The DHS deployment to Portland follows the militarized crackdown on peaceful protesters in Washington’s Lafayette Square in June, and it’s apparently a pilot for a broader deployment. Speaking with reporters in the Oval Office on Monday, Trump said that Portland was only the first step in a planned operation.
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“New York and Chicago and Philadelphia, Detroit, and Baltimore and all of these—Oakland is a mess—we are not going to let this happen in the country, all run by liberal Democrats,” he said. “We’re going to have more federal law enforcement, that I can tell you.”
While law enforcement violating civil rights is sadly not new, Trump appears to be trying to do something novel in this country: establishing a force like interior ministries in other countries. The United States has a Department of the Interior, but it is unlike most agencies with that name around the world. Here, it oversees units such as the National Park Service, the Bureau of Indian Affairs, and the U.S. Geological Survey. But in many countries, the ministry’s role is much broader and more powerful: Its role is to oversee the interior of the country.
One common tool for an interior ministry is a national police force. That can be a dangerous tool because an armed national police force at the disposal of the central government has a tendency to be misused. A repressive regime that is in danger, or simply faced with protests it finds troublesome, can use the national police to crack down, turning the force into an agency that protects the rulers, rather than one that defends the rule of law. Even in more democratic countries, a national police force can be a threat. In early post-Franco Spain, the Guardia Civil was a hotbed of fascist irredentism.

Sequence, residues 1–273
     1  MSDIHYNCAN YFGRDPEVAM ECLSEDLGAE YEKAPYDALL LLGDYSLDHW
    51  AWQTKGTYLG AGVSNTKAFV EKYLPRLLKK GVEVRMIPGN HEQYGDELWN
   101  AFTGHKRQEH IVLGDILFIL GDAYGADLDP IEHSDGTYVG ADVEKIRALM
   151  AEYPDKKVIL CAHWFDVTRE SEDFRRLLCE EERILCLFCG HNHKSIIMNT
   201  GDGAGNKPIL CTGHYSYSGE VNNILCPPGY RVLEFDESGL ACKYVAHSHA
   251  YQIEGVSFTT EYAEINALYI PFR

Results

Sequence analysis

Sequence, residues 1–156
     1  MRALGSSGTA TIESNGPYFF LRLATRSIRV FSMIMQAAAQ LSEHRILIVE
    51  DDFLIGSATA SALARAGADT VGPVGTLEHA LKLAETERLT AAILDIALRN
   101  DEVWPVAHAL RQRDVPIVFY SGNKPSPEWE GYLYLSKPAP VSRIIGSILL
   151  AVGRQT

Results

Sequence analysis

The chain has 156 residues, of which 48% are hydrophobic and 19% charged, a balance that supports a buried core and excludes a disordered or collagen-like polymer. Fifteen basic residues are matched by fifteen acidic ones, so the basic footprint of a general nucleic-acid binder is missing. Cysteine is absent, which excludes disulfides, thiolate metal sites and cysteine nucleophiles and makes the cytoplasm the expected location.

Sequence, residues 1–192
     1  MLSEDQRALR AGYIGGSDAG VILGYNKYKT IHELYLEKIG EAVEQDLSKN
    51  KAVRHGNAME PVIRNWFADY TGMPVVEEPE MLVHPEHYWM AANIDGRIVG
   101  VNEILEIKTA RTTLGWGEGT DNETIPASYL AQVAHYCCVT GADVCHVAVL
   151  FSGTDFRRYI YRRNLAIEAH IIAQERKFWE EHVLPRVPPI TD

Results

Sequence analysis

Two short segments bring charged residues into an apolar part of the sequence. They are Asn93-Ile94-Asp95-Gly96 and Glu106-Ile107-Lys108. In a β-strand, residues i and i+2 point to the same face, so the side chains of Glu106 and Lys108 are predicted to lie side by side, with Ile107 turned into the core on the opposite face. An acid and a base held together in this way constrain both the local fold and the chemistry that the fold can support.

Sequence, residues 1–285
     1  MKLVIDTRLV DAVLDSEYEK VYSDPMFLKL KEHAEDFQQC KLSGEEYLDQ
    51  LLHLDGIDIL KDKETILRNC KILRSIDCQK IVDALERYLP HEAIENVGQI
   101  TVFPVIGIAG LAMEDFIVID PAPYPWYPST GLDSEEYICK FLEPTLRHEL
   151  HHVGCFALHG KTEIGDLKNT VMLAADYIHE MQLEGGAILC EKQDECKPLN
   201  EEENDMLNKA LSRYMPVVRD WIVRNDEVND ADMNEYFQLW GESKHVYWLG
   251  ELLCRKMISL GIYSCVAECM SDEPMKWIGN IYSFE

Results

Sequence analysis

The United States has never had a national police force like this, for reasons that emanate from the country’s founding. While the federal government has grown ever stronger since independence, the federalism embedded in the American system militated against a national police force. (Even state police were slow to emerge.) The Founders were wary of establishing any permanent, armed force under the control of the federal government, even warning against a standing army.
“A standing military force with an overgrown executive will not long be safe companions to liberty,” James Madison told the Constitutional Convention. “The means of defense against foreign danger have been always the instruments of tyranny at home.”
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To be sure, the federal government has, at times, used its force against the people. Under the 1807 Insurrection Act and its subsequent amendments, the president can, under certain circumstances, deploy the Army inside the United States. In 1932, U.S. troops under the command of General Douglas MacArthur dispersed the Bonus Army, a contingent of thousands of destitute World War I veterans who had camped out on the grounds of the Capitol. In 1957, after Arkansas Governor Orval Faubus refused to integrate Little Rock’s Central High School and mobilized the state’s National Guard to surround the school, President Dwight Eisenhower sent the U.S. Army’s 101st Airborne to clear the way for Black students. Faubus and the Guard blinked.